(Photo by David McNew/Getty Images)


Armenians warn of ‘imminent ethnic cleansing’ as enclave blockade continues


“Prevent imminent ethnic cleansing!” This was the warning issued on July 24 by Arayik Harutyunyan, the President of Nagorno-Karabakh – a besieged ethnic-Armenian enclave in Azerbaijan.

Nagorno-Karabakh, also known as Artsakh by Armenians, has been under blockade imposed by Azerbaijani authorities since December 2022.

As supplies dwindle, the situation is becoming steadily more desperate for the enclave’s 120,000 inhabitants. On July 24 fuel levels became so low that the local authorities were forced to suspend public transport.

Shortages of medicines and food are also being felt, with the latter being made worse by the fuel crisis as local farmers now struggle to bring their produce to market.

Harutyunyan said that Azerbaijan was conducting “an undisguised genocidal policy” through the “continuous disruption of vital infrastructures”.

Azerbaijan insists that it is trying to prevent the transport of weapons into the enclave through the Lachin Corridor – a mountain pass that links Nagorno-Karabakh with mainland Armenia and which was the enclave’s last remaining connection with the outside world.

Speaking to journalists in the city of Shushi situated inside the Nagorno-Karabakh region, Azerbaijan’s President Ilham Heydar oghlu Aliyev said it was merely a matter of his country taking control of what it owns. Azerbaijan was not “dealing in revenge”, he added.

While Nagorno-Karabakh is internationally recognised as being a part of Azerbaijan, the region came under Armenian occupation during the war with Nagorno-Karabakh forces in the 1990s. It was then declared as the unrecognised and Armenian-backed Republic of Artsakh.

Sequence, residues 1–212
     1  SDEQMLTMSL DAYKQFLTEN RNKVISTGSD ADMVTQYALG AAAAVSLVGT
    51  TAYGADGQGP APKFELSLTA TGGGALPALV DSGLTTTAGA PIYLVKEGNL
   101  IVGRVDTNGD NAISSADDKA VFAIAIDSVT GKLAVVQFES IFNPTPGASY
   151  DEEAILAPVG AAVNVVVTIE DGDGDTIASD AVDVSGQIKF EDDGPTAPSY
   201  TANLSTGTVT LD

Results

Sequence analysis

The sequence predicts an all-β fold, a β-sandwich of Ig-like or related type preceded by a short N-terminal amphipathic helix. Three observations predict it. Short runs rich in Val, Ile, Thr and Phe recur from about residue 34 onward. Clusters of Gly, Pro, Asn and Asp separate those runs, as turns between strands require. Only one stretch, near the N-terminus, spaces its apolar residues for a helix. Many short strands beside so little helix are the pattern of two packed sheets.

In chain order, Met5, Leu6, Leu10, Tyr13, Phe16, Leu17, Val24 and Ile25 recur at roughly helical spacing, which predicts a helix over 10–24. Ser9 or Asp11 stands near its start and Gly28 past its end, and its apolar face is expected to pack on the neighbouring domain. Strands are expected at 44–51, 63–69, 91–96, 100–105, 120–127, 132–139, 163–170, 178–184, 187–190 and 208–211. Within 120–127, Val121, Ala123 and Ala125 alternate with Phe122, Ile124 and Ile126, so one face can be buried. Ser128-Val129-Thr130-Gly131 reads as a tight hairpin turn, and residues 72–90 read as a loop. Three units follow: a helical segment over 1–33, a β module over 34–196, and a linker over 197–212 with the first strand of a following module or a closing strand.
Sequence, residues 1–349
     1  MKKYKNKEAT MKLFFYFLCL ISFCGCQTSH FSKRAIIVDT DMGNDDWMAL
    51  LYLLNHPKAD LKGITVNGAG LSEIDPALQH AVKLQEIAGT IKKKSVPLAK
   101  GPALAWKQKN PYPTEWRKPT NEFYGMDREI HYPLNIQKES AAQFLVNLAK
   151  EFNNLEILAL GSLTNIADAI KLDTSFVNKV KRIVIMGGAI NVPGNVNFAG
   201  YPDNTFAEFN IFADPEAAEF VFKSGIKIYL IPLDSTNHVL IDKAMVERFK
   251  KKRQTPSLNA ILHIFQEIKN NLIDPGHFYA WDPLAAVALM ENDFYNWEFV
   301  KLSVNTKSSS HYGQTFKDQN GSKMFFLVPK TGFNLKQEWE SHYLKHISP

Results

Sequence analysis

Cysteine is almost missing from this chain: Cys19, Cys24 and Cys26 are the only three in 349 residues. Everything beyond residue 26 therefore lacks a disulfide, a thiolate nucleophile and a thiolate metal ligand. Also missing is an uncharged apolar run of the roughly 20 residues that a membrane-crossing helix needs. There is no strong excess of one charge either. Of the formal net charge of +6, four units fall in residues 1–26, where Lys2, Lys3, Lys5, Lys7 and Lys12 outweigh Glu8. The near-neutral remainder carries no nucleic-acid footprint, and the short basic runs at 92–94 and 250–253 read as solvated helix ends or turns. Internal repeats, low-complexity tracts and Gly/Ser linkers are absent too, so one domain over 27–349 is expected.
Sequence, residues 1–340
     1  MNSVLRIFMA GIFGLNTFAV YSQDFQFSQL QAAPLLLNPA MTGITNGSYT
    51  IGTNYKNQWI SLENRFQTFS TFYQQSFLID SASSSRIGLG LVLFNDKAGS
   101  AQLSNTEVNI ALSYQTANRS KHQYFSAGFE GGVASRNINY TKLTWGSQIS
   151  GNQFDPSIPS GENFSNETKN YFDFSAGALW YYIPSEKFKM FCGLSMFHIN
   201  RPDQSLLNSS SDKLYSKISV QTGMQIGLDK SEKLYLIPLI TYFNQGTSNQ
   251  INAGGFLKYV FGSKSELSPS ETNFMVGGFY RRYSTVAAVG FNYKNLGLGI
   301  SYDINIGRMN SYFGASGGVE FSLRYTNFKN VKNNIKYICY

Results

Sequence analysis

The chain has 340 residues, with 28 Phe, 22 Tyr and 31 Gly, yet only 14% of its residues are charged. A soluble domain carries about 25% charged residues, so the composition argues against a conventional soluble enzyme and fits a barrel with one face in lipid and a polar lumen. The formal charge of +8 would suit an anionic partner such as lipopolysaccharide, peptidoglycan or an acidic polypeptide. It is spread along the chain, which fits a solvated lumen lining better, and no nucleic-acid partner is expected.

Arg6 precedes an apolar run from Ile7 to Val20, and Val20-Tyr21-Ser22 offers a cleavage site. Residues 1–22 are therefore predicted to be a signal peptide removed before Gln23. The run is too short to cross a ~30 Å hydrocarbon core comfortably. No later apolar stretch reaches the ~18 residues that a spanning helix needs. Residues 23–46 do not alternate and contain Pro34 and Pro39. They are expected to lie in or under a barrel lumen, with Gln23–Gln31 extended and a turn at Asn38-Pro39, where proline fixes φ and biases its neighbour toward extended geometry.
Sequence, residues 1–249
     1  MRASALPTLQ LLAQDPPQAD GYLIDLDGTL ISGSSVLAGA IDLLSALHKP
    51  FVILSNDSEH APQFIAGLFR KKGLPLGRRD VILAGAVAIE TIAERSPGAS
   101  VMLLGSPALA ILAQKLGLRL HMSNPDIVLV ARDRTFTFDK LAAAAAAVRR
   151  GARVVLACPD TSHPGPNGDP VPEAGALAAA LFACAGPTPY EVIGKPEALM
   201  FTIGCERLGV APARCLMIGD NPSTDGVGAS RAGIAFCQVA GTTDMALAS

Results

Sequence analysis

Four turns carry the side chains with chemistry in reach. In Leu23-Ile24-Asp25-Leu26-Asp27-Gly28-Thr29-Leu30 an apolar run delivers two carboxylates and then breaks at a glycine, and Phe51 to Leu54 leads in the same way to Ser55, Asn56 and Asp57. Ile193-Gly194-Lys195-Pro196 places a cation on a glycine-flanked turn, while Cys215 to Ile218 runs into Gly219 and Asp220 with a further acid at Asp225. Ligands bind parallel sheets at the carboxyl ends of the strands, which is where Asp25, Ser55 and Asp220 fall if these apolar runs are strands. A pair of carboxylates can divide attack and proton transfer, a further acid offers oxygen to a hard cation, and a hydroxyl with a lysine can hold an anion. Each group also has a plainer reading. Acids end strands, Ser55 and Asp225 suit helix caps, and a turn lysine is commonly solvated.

In 2020 however, Azerbaijani forces struck back and surrounded the small enclave. Following a peace deal brokered by Russia, the Lachin Corridor was blocked by self-proclaimed “environmental protestors” who are widely believed to be acting on direction of the Azerbaijani authorities in the capital Baku.

Representatives of Azerbaijan and Armenia are set to meet with their Russian counterparts on July 25. So far, despite both Russia and the European Union taking turns at mediating between the two countries, little progress has been made.

Speaking in the Armenian capital Yerevan, the country’s Prime Minister Nikol Pashinyan said that “so long as a peace treaty has not been signed and such a treaty has not been ratified by the parliaments of the two countries, of course, a war is very likely”.

Observers say the crux of the matter is that Armenia is willing to recognise Nagorno-Karabakh as being part of Azerbaijan but only if there are international guarantees to protect the rights of the ethnic Armenians in the region.

Azerbaijan for its part refuses, saying that the Nagorno-Karabakh Armenians are simply Azerbaijani citizens, and any minority issues are for Baku to consider by itself.

According to media outlet news.am, Harutyunyan made an appeal to the ministers of foreign affairs of Armenia, Russia and Azerbaijan ahead of their upcoming meeting in Moscow on July 25.

“It is crucial that the parties involved … act immediately to resolve the catastrophic situation; otherwise, they will bear the main responsibility for any impending tragedies,” he said, adding: “Prevent imminent ethnic cleansing!”

Many international organisation have continued to warn of a potential genocide in the region.